Wednesday, June 20, 2007
No. 26: The Joshua Tree
Album: The Joshua Tree
Why Rolling Stone gets it right: This is the album that really changed U2 from a Euro lite punk/New Wave band into one of the world's most popular rock and roll acts. The first three tracks were all top 15 singles and the videos for "With or Without You" and "Where the Streets Have No Name" are considered iconic by many.
Why Rolling Stone gets it wrong: The more famous U2 becomes, the more insufferable Bono becomes. You know my biases.
Best song: I don't like U2, so I find the whole album to be pretty crappy.
Worst song: "Bullet The Blue Sky" is awful.
Is it awesome?: People love U2. I don't.
U2 recorded "The Joshua Tree" in an attempt to Americanize their sound. The album is thematically a tribute to the United States and include varying different songs about the American experience, presumably through the eyes of Europeans.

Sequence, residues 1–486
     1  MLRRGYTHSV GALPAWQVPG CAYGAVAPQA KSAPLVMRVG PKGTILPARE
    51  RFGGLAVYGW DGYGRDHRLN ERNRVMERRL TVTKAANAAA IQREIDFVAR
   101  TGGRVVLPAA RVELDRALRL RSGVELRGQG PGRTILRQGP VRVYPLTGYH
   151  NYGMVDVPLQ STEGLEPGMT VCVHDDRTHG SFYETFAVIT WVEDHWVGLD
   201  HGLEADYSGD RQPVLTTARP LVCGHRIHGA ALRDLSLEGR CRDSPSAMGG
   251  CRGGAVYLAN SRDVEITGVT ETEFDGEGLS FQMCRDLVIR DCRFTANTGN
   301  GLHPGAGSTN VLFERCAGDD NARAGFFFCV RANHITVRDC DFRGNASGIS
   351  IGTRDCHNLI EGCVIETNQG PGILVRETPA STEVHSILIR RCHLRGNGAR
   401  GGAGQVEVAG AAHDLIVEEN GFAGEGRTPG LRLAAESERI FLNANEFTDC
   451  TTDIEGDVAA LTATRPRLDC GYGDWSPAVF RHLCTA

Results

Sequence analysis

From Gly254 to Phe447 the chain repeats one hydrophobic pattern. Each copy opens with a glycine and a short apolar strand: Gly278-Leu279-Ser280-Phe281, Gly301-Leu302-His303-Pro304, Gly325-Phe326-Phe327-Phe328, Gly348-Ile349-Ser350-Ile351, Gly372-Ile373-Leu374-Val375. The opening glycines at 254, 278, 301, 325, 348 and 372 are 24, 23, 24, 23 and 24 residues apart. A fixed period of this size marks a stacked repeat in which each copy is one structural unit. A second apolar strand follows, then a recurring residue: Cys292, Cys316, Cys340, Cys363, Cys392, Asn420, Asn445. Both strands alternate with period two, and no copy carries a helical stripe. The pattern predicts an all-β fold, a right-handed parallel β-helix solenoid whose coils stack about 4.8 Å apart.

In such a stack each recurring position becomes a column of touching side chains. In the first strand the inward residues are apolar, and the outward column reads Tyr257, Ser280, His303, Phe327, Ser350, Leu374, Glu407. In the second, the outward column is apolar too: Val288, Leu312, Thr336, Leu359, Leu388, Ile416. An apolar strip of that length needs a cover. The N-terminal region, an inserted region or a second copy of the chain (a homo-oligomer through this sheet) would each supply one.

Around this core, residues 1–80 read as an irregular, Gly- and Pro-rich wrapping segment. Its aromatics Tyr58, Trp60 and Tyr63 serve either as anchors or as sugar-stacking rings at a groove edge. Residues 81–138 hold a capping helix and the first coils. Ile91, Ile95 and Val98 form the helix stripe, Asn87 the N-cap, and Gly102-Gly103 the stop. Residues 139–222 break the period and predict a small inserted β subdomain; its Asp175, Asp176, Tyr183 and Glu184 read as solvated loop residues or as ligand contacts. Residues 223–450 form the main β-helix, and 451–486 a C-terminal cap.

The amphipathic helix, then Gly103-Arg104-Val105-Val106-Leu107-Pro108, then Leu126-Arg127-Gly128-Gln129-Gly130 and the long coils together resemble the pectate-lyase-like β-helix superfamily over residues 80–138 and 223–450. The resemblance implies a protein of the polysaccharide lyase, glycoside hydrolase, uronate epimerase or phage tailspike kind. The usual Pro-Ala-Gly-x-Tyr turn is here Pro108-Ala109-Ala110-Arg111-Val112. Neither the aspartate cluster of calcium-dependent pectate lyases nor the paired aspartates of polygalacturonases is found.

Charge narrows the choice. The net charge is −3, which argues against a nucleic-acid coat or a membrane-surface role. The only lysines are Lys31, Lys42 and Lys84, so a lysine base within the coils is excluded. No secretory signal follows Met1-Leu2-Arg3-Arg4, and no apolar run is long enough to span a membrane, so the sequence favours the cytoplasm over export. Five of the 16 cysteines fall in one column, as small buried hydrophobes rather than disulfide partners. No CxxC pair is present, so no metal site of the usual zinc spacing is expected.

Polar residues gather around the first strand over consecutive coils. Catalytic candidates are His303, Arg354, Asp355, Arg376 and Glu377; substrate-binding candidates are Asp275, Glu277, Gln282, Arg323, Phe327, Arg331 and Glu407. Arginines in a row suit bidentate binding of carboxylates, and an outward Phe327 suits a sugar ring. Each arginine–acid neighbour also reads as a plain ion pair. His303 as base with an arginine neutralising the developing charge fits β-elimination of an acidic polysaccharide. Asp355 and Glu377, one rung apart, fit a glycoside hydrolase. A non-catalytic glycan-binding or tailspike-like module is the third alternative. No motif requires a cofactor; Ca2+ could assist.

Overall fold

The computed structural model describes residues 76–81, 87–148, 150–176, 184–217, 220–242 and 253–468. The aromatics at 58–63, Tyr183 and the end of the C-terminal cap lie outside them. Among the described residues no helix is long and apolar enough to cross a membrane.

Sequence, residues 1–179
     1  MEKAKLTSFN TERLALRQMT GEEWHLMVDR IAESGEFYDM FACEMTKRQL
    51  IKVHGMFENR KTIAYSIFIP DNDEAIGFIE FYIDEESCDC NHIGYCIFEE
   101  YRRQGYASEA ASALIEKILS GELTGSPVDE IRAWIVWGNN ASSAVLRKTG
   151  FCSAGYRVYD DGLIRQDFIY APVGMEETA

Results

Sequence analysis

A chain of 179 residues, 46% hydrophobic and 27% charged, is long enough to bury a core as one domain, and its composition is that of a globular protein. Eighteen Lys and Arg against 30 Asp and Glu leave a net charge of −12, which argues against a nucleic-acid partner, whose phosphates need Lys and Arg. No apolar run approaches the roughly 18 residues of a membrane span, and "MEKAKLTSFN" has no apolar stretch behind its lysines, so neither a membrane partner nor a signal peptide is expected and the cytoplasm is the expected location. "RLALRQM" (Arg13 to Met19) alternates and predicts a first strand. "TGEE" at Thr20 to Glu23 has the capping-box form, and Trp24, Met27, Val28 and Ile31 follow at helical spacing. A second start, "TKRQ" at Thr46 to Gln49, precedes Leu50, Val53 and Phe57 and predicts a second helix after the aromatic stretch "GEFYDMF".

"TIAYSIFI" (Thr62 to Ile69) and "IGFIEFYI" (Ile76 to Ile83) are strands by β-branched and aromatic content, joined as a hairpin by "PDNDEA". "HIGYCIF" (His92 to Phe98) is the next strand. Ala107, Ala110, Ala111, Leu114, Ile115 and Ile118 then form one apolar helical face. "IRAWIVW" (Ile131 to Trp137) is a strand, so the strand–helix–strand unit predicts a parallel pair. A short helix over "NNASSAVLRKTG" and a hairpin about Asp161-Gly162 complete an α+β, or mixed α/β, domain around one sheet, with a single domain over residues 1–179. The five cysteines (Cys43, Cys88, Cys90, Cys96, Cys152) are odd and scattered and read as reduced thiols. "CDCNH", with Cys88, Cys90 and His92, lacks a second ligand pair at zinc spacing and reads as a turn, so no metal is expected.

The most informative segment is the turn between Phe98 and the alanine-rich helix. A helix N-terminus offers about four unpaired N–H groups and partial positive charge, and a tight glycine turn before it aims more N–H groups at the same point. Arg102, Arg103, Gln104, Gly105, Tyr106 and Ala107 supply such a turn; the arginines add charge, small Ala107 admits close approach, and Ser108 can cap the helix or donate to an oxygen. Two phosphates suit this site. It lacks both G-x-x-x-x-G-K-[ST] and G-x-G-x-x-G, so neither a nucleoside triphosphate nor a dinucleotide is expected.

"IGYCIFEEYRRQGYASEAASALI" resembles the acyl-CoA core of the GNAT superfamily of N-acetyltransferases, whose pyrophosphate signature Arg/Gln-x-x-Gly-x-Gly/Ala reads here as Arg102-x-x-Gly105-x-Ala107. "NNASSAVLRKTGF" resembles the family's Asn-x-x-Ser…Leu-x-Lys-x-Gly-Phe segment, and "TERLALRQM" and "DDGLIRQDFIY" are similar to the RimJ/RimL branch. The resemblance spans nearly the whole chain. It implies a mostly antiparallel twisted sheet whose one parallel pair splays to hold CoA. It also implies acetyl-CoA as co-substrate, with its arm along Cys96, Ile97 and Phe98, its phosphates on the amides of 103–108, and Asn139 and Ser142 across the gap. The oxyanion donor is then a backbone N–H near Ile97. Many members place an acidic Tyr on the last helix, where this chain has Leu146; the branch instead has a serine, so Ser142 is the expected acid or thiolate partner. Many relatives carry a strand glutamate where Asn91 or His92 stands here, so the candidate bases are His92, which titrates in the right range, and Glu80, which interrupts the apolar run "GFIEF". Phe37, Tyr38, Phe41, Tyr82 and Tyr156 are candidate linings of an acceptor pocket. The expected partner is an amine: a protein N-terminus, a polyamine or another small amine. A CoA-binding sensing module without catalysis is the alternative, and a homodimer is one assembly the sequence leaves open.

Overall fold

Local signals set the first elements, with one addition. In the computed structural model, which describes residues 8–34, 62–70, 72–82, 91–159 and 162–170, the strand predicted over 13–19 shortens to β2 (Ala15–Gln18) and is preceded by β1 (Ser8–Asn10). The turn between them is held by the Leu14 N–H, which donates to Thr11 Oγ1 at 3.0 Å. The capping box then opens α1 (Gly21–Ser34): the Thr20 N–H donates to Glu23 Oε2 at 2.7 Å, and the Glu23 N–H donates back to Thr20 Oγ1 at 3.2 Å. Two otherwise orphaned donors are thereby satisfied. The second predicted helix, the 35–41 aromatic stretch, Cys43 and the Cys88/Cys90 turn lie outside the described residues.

The record's sound is very American. Bono's lyrics reference the great wide skies of the West, as do the novella-style storytelling about mining towns and "God's Country." Like many Europeans, the American West clearly fascinated U2.
Supposedly, the band befriended the likes of Bob Dylan, Van Morrison and Keith Richards before they recorded this album. The influence towards a more soulful, blues and rock-based record shows. Clearly, this was U2's most rock and roll record at the time and it became their most successful.
Look, I'm not going to lie, I hate U2, but mostly because of the accolades placed on them. I don't think their music (or any music, really) is god-awful or worthless. I just don't like it. It bores me and I find it to be meaningful only to people who can't bother to change the radio dial. "The Joshua Tree" is like that. It's Tocqueville for retards. That's not America, Bono. That's cowboy nonsense.
The singles were huge. It was a turning point for the band. The album still stinks.